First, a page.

Stylusboy - Fingerprint EP
Owain Paciuszko 08/09/2009
With lead track OPEN instantly charming with its laidback, wistful, alt-country vibe this promises to be a fine, delicate, well-crafted EP from Coventry based singer-songwriter Stylusboy. Mixing a sense of melancholy akin to Aqualung with a sense of the melodic that recalls the lighter side of Ryan Adams. Aided by the presence of a few friends adding additional percussion, keys and sweet backing vocals by Rachel Grisedale, there's a warmth and richness abundant in this first track that manages to pluck you out of wherever you may be and drop you, snugly, into Stylusboy's world.
Jigsaw has a slow, steady beat and wisps of Tom McRae to the tender, tingling refrain of 'All your pieces, beautiful.' Recorded primarily in his lounge, with drums recorded in a local community centre, there's a handmade and personal touch to the songs, but not to the production value; which is impressive and indicative of great care to truly capture the soft, emotive sound of Stylusboy. As he sings 'This might just be so easy and perfect' on Stopclock you can't help but think it's a good comment on the effortless quality of this six-track itself.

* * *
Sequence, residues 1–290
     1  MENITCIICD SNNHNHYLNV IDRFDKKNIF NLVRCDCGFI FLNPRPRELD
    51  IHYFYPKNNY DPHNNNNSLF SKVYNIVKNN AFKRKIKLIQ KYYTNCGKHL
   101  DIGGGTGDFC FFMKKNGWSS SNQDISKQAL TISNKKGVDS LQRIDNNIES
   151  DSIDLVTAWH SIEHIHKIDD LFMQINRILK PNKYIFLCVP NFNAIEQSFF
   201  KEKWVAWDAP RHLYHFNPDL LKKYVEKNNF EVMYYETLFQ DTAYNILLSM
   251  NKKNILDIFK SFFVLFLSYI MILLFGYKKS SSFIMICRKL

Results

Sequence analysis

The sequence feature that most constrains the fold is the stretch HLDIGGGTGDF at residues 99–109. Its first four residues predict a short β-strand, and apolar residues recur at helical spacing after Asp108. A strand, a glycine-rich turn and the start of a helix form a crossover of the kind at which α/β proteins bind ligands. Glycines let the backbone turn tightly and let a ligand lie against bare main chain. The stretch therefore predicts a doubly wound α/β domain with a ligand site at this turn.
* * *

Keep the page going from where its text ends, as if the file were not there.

Back to the Start sounds like Aidan Smith on a summery road-trip, lively guitar strumming and a buoyant bass-line causing involuntary toe-tapping. Meanwhile Roses and Love Hearts is a straight-forward pop song, with all the sappy, sincerity of the potential titular gifts; sure there's cliche there, but there's an honesty to his lyrics that may have the romantically minded planning its place on a Feb 14th mix CD. Whilst closing track A Song for Noah has a folk quality alongside its sentimental lyrics, it's a mix that manages to work well thanks to the conviction in Stylusboy's voice and the obvious connection (a rarity) between the singer and his words.
Stylusboy, over this neat nugget of an ep, manages to set his stall out excellently; a purveyor of wonderful melodic acoustic pop, that is filled with charm and genuine emotion in a way that one hopes earns him the kind of mainstream appreciation that is won, and undeserved, by the likes of Damien Rice and Jamie Cullum. As far as singer-songwriters go Stylusboy isn't doing anything new or daring, but he's doing - as he puts it on Roses and Love Hearts - 'something simple' but doing it excellently.